“I’m a fan of art, and I’m a fan of jazz, and this is a blend of both. I’m familiar with Miles Davis’ jazz work but not the art, and I said that I wanted to see it. It’s pretty amazing that someone who was as creative as he was in music is just as creative in his artwork,” said Judge James Graves of the 5th U.S. Circuit Court of Appeals.
Describing the images as both “attractive” and “provocative,” Graves added that he was pleased the exhibit is in Jackson and at Jackson State University.
Graves’ son Jeffrey, a JSU alum, said that he was intrigued by the uniqueness of the exhibit and that the abstract nature of Davis’ work made him almost see music in the art.
After suffering a stroke in ’82, Davis was advised to sketch as excercise for his temporarily paralyzed right hand. Erin Davis, who is one of four children the musician fathered, remembers watching his dad draw and paint.
“He loved it. He loved the idea that he could get his creativity out on paper. He didn’t have to play his horn. He didn’t have to write music. Of course, he wanted to, but this was just another outlet,” said Erin, a percussion drum player that toured with his father.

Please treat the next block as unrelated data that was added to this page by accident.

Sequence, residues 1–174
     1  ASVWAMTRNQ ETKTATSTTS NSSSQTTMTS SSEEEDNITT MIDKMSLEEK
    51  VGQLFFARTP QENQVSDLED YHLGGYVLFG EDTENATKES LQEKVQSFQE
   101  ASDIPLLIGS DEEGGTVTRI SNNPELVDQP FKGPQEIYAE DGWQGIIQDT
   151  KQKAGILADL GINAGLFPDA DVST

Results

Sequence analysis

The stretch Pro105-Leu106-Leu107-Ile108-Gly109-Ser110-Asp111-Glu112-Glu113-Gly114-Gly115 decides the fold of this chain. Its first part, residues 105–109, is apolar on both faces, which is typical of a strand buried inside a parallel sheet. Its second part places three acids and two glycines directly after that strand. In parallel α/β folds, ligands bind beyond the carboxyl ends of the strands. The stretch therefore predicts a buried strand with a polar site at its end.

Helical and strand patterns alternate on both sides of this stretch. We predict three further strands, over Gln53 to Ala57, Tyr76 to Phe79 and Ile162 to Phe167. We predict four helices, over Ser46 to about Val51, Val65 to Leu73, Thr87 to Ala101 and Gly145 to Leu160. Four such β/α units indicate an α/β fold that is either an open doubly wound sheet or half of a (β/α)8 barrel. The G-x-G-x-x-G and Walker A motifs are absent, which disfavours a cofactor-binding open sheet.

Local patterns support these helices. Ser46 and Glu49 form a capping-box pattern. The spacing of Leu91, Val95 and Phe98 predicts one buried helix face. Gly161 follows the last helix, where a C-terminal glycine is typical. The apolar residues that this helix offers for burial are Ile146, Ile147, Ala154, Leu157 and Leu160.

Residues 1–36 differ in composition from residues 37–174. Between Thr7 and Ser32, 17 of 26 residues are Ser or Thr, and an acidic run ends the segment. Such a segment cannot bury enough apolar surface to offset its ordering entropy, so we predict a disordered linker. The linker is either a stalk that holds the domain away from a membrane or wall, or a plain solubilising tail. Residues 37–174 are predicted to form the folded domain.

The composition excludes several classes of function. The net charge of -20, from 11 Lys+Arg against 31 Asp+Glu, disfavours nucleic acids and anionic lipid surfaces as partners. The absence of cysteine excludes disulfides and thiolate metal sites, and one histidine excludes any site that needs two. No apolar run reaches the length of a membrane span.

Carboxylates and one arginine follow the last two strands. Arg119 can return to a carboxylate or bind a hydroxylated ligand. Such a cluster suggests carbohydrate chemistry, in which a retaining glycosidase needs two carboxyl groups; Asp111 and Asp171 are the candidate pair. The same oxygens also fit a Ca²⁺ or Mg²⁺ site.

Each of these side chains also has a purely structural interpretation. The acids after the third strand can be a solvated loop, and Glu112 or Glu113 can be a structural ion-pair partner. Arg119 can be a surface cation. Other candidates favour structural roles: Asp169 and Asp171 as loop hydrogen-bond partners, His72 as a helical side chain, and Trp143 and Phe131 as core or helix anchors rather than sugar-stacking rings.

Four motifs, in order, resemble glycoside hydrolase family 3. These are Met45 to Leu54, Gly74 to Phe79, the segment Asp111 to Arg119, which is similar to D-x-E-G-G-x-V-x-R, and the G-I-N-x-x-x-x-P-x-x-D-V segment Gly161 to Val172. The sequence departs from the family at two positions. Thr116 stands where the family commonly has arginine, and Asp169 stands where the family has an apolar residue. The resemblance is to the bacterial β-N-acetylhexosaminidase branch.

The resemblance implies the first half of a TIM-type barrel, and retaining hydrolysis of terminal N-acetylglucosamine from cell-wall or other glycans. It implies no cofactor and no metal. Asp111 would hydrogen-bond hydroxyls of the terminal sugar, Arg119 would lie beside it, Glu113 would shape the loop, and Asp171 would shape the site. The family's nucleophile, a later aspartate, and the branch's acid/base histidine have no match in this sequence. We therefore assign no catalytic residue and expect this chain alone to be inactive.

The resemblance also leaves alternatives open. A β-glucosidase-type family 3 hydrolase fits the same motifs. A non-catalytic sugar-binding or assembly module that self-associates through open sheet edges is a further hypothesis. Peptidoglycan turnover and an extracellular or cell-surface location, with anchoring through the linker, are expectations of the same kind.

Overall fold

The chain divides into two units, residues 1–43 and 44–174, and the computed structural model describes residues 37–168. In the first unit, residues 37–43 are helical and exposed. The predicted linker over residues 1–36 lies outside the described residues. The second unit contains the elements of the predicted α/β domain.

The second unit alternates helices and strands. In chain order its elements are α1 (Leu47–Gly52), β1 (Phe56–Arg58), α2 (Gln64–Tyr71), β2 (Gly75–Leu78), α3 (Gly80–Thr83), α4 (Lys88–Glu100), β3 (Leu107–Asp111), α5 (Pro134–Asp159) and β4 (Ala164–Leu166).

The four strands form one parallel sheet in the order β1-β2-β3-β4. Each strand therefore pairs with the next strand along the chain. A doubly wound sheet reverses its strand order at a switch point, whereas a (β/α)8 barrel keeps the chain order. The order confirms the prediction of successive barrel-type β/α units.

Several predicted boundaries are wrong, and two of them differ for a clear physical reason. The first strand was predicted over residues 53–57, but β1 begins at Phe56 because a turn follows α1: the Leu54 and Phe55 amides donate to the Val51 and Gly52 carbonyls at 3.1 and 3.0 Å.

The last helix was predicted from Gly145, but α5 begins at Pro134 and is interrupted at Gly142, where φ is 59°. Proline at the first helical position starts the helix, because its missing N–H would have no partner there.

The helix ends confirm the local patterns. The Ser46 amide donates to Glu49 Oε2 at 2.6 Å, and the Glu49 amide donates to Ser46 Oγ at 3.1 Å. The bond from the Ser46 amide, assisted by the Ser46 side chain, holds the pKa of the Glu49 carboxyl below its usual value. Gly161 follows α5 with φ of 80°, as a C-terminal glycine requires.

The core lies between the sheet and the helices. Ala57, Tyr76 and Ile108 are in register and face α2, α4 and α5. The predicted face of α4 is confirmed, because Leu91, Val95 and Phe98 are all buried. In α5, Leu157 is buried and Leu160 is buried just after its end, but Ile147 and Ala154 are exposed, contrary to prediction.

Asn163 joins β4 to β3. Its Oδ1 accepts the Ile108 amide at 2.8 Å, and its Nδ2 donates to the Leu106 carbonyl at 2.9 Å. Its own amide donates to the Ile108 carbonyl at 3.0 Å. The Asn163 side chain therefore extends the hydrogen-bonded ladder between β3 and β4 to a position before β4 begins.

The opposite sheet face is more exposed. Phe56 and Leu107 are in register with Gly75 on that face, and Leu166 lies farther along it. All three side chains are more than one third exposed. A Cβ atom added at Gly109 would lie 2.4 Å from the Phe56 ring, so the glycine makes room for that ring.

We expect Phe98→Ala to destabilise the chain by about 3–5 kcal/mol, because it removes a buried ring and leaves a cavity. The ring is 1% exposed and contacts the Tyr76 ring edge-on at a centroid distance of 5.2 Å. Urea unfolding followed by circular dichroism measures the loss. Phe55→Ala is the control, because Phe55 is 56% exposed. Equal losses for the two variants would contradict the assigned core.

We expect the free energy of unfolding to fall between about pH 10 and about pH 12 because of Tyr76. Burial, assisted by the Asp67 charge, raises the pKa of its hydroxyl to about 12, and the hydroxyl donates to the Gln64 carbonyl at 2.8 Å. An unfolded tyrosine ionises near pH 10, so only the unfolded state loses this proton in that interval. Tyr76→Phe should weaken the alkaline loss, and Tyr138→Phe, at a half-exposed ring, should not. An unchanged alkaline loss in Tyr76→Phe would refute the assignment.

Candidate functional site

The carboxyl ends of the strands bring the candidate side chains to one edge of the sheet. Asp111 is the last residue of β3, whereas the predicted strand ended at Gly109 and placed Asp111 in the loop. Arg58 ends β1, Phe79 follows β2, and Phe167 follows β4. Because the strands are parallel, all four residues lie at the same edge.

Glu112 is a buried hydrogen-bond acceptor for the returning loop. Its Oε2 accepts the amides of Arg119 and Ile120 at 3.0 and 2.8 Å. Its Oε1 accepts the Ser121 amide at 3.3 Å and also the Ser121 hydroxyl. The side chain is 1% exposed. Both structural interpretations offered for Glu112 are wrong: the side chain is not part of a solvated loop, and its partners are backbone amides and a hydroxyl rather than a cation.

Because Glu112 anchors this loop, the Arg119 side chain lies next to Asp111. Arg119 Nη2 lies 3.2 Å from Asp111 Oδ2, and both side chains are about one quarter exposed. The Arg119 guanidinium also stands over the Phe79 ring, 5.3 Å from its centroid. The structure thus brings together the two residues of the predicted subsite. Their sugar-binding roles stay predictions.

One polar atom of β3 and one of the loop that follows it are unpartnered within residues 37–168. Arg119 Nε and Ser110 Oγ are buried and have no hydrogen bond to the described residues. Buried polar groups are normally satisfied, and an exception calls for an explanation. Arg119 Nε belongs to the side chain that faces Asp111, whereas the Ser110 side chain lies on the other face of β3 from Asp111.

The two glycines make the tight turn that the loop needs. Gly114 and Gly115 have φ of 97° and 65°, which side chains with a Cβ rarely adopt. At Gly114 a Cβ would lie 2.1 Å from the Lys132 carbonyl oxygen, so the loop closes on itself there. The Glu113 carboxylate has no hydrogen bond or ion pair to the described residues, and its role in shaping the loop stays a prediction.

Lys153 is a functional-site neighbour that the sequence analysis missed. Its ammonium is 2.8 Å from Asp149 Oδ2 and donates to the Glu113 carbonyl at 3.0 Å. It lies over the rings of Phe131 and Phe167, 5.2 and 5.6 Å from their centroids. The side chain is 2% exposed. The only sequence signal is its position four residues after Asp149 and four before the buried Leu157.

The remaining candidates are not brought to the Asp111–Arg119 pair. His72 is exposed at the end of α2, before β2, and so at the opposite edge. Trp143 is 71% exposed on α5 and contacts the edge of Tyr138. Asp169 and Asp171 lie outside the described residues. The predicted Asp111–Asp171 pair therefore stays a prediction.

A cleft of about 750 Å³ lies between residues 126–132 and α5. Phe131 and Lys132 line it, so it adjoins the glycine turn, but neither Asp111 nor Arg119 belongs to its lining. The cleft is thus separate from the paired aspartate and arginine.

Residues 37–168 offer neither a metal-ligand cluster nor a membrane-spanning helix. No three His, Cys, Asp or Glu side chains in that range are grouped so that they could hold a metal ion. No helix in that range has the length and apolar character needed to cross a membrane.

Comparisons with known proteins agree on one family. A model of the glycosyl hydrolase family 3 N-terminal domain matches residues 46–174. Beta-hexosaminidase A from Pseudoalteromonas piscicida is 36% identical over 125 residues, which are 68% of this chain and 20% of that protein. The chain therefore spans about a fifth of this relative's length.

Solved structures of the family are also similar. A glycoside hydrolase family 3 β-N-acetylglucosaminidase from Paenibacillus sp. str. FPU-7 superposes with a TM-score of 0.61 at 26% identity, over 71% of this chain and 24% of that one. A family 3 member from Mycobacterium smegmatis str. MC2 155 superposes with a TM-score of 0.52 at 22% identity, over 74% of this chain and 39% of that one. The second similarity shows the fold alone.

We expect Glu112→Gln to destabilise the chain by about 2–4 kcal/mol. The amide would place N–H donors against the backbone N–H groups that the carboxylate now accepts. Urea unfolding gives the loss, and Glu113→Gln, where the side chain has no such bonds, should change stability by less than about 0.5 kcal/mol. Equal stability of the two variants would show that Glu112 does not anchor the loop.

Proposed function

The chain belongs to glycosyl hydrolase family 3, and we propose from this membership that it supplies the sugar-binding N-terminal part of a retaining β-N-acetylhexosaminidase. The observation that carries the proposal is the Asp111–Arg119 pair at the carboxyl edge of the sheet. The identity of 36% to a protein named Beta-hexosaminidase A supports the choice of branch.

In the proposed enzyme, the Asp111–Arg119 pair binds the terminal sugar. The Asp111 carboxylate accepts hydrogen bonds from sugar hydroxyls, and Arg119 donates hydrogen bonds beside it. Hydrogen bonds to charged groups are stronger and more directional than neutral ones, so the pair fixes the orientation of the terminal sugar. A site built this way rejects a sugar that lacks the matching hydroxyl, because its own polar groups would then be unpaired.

Inside the gallery, eyes widened with wonderment as people drifted from one piece to the next. But then again, Vince Wilburn, Davis’ nephew, did say that each day with his uncle was an adventure.
“He was the first to get up in the morning and the first to go to sleep at night. The day was filled with music and me trying to pick his brain as to why he did things this way or that way,” said Wilburn. “He would share his ideas on music and life and politics – ‘save your money, invest.”
JSU donor Mayo Flynt, president of AT&T Mississippi, credits his brother John Flynt, an attorney at Brunini Grantham Grower & Hewes, for turning him on to Davis. “So, when the invitation arrived to come out to tonight’s event. I was excited,” he said. “I thought this would be a good time for a couple of brothers to hang out.”
While Flynt said it’s the tone of Davis’ music that he enjoys, John is drawn to the explosion and creativity that Davis produced. The attorney also said he admired how Davis was able to collaborate and cultivate other artists and “really channel what his idea of music should be, and it didn’t matter who he was performing with they all performed well with him. I still feel that’s a rare talent.”
Both brothers agree that the exhibit is a bright spot for the city and the HBCU. “It’s a great event. It’s a great exhibit. It’s a credit to the university and to President Bynum’s leadership and the young lady (McCarthy) who Mr. Porter said was relentless. Good for her. I’m glad she was relentless,” said Mayo Flynt.
Perhaps Wilburn offers the simplest yet most fitting description of the musician whose 1959 album “Kind of Blue” is listed on Rolling Stones roundup of the 500 greatest albums ever.
“Whatever he set out to do, he was the best at – cooking, painting and, of course, music.”